In its Final Rule issued May 31, 2016, the Small Business Administration issued rules implementing the 2013 National Defense Authorization Act. The Final Rule has a myriad of aspects applicable to awards in various small business programs, and this short summary is not intended to address them all; but rather instead this summarizes some of the provisions regarding affiliation, calculation of annual receipts, limitations on subcontracting and joint ventures.
The Final Rule expressly allows certain arrangements without establishing affiliation, while precluding others subject to rebuttable presumptions; including:
- Small Business Teaming Arrangements are allowable without regard to affiliation for “bundled contracts” so long as each team member is small for the size standard assigned to the contract or subcontract.
- Firms owned or controlled by married couples, parties to a civil union, parents, children, and siblings are presumed affiliated if they conduct business with each other or share or provide loans, resources, equipment, locations, or employees; although the presumption can be overcome by showing clear lines of fracture between the concerns.
- SBA may presume identity of interest based on economic dependence if 70% or more of receipts over the previous 3 fiscal years are derived from another concern; although
- The presumption is rebuttable by showing lack of sole dependence; and
- Business concerns owned and controlled by an Indian Tribe, ANC, NHO, CDC, or wholly owned entities of an Indian Tribe, ANC, NHO, or CDS, are not considered affiliated by another concern owned by that entity based solely on the contractual relationship between the two concerns.
Calculation of Annual Receipts:
The Final Rule defines how SBA will calculate annual receipts when determining size. In short, receipts include all revenue (including passive income) from whatever source received or accrued; generally meaning the concern’s total income (or gross income for sole proprietorships) plus the cost of goods sold as defined and reported to the IRS. Exclusions are identified in the Final Rule.
Limitations on Subcontracting:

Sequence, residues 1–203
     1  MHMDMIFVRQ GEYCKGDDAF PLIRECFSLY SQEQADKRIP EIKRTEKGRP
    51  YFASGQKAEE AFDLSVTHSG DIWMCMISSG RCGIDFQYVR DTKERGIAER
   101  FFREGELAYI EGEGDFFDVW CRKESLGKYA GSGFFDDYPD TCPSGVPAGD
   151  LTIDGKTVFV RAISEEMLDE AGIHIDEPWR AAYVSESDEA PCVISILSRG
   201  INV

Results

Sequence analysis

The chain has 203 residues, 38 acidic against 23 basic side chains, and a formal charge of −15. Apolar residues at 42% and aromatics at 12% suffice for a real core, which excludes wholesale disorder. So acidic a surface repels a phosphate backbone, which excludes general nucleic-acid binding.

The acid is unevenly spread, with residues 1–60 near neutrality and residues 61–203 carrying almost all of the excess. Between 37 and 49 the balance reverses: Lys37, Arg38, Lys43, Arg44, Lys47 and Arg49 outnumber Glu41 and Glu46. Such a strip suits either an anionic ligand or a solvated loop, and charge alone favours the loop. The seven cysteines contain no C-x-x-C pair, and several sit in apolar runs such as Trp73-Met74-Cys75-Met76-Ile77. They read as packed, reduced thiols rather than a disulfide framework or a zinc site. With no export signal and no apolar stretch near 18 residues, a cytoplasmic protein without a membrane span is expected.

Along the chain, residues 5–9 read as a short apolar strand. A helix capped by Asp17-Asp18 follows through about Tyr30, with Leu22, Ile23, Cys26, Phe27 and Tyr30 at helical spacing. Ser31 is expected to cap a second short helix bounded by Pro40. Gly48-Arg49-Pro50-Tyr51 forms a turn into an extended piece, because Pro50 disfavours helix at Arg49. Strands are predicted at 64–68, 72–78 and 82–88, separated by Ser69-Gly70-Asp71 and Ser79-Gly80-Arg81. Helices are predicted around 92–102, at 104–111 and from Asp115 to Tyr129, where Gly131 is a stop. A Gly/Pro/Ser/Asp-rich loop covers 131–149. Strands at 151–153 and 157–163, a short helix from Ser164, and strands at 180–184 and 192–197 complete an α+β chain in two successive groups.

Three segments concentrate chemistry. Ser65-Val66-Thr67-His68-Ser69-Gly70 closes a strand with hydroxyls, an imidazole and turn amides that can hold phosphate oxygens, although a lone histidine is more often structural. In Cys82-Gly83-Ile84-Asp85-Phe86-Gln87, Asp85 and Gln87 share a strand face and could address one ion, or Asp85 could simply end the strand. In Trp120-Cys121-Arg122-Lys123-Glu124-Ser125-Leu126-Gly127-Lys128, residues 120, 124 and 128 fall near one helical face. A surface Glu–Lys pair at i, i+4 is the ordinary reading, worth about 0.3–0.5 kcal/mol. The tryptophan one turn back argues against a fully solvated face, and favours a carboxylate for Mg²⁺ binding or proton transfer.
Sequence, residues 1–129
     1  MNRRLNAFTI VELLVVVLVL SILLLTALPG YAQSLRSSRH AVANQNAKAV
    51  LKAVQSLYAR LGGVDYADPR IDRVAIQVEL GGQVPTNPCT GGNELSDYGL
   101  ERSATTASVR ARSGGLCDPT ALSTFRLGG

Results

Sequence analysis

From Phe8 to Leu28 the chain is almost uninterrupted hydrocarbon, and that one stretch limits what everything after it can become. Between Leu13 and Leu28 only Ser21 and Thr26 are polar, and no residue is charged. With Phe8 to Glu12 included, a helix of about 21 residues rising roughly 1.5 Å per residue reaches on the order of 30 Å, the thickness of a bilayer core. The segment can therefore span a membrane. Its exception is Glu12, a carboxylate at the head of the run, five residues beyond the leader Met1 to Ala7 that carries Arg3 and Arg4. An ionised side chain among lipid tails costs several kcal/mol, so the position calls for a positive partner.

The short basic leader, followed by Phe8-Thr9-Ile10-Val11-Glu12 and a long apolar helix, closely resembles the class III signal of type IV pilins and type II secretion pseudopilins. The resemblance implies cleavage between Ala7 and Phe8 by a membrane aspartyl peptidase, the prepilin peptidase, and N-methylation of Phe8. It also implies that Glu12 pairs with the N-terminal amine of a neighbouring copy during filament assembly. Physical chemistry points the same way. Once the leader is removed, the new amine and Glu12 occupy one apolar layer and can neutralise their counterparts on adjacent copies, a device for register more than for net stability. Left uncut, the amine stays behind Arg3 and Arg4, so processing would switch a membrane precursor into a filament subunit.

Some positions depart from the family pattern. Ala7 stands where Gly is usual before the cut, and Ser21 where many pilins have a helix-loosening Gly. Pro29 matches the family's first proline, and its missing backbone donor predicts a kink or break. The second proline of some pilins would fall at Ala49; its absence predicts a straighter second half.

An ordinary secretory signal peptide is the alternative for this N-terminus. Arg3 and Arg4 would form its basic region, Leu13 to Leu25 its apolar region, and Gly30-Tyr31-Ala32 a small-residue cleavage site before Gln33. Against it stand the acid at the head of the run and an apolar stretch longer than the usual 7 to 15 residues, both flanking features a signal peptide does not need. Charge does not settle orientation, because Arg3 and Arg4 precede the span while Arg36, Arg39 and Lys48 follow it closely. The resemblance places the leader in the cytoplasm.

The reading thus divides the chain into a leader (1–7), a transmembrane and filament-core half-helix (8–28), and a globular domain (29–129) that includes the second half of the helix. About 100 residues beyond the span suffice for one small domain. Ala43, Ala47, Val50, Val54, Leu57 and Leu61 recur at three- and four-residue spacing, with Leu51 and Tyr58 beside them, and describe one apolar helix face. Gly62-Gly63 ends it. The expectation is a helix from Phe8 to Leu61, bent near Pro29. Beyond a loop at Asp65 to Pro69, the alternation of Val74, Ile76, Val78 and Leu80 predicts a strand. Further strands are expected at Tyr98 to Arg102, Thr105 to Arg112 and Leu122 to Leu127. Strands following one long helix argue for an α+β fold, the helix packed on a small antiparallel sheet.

Compliance is now determined by a percentage cap on the total amount of the prime contract paid to first tier subcontractors that are not “similarly situated” entities, instead of the previous limitation based on costs. A similarly situated entity is a small business that participates in the same SBA program that qualified the prime contractor as an eligible offeror.
There is no requirement to apply the prime contract NAICs code to subcontracts. Instead, the prime contractor assigns the code applicable to the scope of work on each subcontract. The percentage limits set by statute are:
- 85% for general construction contracts;
- 75% for specialty trade construction contracts; and
- 50% for service and supply contracts.
The method for calculating compliance with the limitations is complex, depends on whether the contract is for construction, supplies or services, or mixed supplies and services. Among other things, the cost of materials is typically not included, and there are exceptions when “nonmanufacturers” supply the product of a domestic small business manufacturer or processor.
While work done by a similarly situated first tier subcontractor does not count toward the limitations, any work that a similarly situated subcontractor further subcontracts will count towards the limitation.
The Final Rule allows a joint venture to qualify as small for any government procurement when each partner to the joint venture qualifies individually as small under the size standard corresponding to the NAICS code assigned by the government in the solicitation.
Under this Final Rule, when an acquisition or merger occurs after the offer date but prior to award the offeror must recertify its size to the contracting officer prior to award.
This article is for educational purposes only and is not intended as legal advice. For more information about this or other construction or government contracts topics, please contact the authors of this article, Neil Lowenstein and Mike Sterling, or any of the other members of the Vandeventer Black Construction and Public Contracts Law Team at Vandeventer Black, LLC.